street names are off balance! There is just one name with 'West' attached
to it, while we have no fewer than six 'East' streets (plus Eastwick Road).
Most 'Easts' are separated from their namesakes by Lee Road. East Overlook
is separated from Overlook by a grand boulevard; East Antisdale is separated
from Antisdale by a brief block, with both segments developed by the Rapid
Transit Land Co. East Fairfax and East Scarborough are not only in a different
tract than their counterparts West of Lee, but were originally within
short-lived Idlewood Village.
New, as well as old street directories, maps, plat books,
and phone book listings show no consistency. In 1912, we had 'East' segments
of Berkshire, Fairfax, Monmouth, Overlook and Scarborough. Overlook was
called 'East' only east of Coventry Road, while Derbyshire Road ended
at Coventry. A one-block street connecting Cottage Grove and Lee, now
part of Derbyshire, was labeled 'Rockwood Boulevard', Yorkshire Road,
west of Lee, was Hollywood Boulevard, and Washington Boulevard, southeast
of Hollywood, was Haycox Boulevard.
The 1920 plat book shows East Derbyshire (the segment later eliminated
for Heights High), East Berkshire Road, East Yorkshire Road and Haycox
Road as what is now Washington Boulevard east of Lee. A 1926 map shows
Antisdale, Derbyshire (east of Cottage Grove), Monmouth, Overlook, Scarborough
(only east of Taylor) and Yorkshire Roads with 'East' counterparts, while
the 1927 plat book has added 'East' to Fairfax and Scarborough Roads east
of Lee. This book and the 1941 Plat Book have East Derbyshire starting
at Coventry, where there is no East Yorkshire or East Berkshire. Current
signs separate Derbyshire from its 'East' segment at Lamberton Road, and
both Yorkshire and Berkshire Roads continue east of Lee with no 'Easts.'
'East' is used only when a street is interrupted.
Developers most likely added "East" to existing streets because
the existing names sounded dignified and the developers didn't have to
conjure up anything new.
Cleveland Heights Index
For easy access, the following list of stories will
appear at the end of each story page.
City Of Few Streets Have you ever wondered how your street got
its name? Perhaps Cleveland Heights' bright new street signs will
heighten awareness of your street names.
Boulevard? How many readers know of streets in Cleveland
Heights that actually are called "Street?"
Origins That most Cleveland Heights streets sport
the name of English towns or London streets or are derived from
words in the English language is well agreed, but we have many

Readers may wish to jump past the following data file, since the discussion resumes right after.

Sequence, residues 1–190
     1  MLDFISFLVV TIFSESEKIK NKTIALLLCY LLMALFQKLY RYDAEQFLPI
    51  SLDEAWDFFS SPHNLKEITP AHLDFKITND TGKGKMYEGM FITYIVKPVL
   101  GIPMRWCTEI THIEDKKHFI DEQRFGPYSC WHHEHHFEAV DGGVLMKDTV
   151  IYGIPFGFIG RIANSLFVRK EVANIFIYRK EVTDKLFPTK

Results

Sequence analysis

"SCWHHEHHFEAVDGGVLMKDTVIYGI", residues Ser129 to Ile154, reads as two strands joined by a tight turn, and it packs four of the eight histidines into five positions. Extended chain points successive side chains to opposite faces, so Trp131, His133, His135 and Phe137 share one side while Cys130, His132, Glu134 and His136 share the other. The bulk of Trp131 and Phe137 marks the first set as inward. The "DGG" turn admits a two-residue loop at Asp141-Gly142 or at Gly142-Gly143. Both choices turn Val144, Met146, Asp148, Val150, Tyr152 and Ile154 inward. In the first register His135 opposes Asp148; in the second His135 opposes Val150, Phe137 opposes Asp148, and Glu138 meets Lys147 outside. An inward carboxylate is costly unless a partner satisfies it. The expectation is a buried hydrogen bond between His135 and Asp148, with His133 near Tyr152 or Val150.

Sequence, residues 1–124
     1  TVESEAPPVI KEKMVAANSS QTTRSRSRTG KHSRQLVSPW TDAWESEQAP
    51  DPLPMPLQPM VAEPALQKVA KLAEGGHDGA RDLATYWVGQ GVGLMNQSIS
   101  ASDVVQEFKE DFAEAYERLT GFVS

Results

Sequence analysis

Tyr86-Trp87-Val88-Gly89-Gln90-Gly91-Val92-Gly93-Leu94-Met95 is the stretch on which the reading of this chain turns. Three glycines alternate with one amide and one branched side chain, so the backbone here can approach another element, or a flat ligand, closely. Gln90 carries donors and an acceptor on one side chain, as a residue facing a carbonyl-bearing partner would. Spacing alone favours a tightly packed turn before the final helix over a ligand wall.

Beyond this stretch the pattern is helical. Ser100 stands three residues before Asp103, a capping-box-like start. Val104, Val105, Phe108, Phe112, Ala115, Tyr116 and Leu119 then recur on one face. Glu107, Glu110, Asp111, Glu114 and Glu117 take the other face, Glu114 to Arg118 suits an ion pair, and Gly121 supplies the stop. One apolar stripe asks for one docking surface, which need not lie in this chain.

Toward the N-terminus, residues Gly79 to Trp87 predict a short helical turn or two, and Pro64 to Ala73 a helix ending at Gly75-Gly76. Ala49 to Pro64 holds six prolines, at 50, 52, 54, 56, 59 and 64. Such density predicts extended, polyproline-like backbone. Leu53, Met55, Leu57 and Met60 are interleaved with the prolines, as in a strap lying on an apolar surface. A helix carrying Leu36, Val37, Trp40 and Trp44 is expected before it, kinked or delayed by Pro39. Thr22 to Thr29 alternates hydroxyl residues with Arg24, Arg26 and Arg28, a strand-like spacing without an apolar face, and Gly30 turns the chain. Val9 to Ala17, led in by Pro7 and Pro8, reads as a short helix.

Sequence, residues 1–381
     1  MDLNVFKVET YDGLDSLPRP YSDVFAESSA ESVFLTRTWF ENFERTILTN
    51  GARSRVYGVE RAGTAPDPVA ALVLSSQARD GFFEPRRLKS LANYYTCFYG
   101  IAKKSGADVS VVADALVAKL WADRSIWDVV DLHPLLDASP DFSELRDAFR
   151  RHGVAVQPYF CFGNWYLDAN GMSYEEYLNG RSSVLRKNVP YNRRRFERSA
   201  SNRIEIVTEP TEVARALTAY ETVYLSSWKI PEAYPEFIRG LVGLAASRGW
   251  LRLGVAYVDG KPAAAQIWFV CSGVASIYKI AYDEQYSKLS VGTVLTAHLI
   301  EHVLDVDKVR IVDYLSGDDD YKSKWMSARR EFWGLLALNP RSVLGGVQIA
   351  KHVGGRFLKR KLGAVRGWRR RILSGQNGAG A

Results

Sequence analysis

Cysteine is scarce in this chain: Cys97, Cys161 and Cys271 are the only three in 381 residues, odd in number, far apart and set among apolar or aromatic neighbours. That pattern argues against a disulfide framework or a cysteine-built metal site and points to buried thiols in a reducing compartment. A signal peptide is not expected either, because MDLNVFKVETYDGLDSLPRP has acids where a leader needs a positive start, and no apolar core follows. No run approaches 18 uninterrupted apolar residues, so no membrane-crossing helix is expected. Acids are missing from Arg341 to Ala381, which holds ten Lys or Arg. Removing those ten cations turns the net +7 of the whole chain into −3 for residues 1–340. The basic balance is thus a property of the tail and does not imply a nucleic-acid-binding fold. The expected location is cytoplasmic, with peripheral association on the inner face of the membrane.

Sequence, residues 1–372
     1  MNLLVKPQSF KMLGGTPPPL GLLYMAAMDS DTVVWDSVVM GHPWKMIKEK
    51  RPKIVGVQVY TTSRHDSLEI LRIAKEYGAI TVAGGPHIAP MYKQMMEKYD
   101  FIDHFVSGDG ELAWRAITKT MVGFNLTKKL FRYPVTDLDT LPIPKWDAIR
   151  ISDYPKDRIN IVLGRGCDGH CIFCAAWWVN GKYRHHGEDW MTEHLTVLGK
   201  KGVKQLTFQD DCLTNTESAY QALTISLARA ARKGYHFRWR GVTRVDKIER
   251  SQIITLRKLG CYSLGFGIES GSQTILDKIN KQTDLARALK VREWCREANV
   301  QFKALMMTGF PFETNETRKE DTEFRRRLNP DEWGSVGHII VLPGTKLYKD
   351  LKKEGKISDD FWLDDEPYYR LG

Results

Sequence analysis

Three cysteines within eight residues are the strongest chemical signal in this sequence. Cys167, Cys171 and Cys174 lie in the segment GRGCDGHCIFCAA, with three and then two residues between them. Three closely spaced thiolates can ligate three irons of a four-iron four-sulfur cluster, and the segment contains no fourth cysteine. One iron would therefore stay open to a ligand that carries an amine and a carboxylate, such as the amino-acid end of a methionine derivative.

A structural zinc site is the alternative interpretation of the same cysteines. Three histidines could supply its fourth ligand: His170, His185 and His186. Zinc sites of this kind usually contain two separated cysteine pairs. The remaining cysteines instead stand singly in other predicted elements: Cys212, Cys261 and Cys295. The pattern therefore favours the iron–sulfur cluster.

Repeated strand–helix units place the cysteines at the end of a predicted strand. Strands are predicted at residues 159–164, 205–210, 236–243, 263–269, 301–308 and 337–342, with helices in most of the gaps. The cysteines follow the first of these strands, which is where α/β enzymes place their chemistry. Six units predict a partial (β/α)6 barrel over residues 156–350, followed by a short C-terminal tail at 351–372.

street names originating from other nationalities gracing our
Names Some of our Cleveland Heights streets take
their names from thoroughfares they are near.
Suburb Some hear the word “north” and
start to shiver. Some label “northern Cleveland Heights”
what is north of Mayfield, which for many years was lucky to be
closer to Euclid Beach amusement park.
The Avenue Jan Cigliano's The Grand Avenue: 1850-1920,
of 1994, describes the history of selective prestigious thoroughfares
in large American cities, including Cleveland.
The Boulevard Officially naming a street 'Boulevard' was
popular in the Cleveland of 1900-30.
London Connection Images of England were important to early
Cleveland Heights developers, residents and would-be residents.
Wood Streets Our Cleveland Heights streets can boast
no fewer than 16 streets with names ending in 'wood.'
Street Spellings The quirky spellings of some of our street
names have long perplexed even excellent spellers.
Roads Cleveland Heights has several streets which
honor the area's 19th-century quarries, including Quarry Road
Among Us Cleveland Heights' 'royal streets'-Queenston,
Kingston, Princeton and Canterbury Roads-were named with the English
aristocratic imagery generally favored in the time of their development,
Shorties Cleveland Heights has its turn-of-the-century
'country lanes,' but also has its very short streets-cut-throughs
not found in the newer suburban areas of highways, winding drives
and cul-de-sacs. Most of our short streets are by-ways connecting
two to four streets.
A Drive What image does 'Drive' in a street name
evoke to you?
And Twos Our community is flush with streets grouped
in trios and pairs.
Name's (Almost) The Same Cleveland Heights, with most of its streets
named within a 25-year period many years ago, has a number of
street names so similar that they have confounded the public since
Flattered! If imitation is the sincerest form of flattery,
Cleveland Heights must be appealing to residents elsewhere because
some of our street names have been conscientiously copied in other
In A Name? Sometimes the name of a street is influenced
by that of a more major street nearby.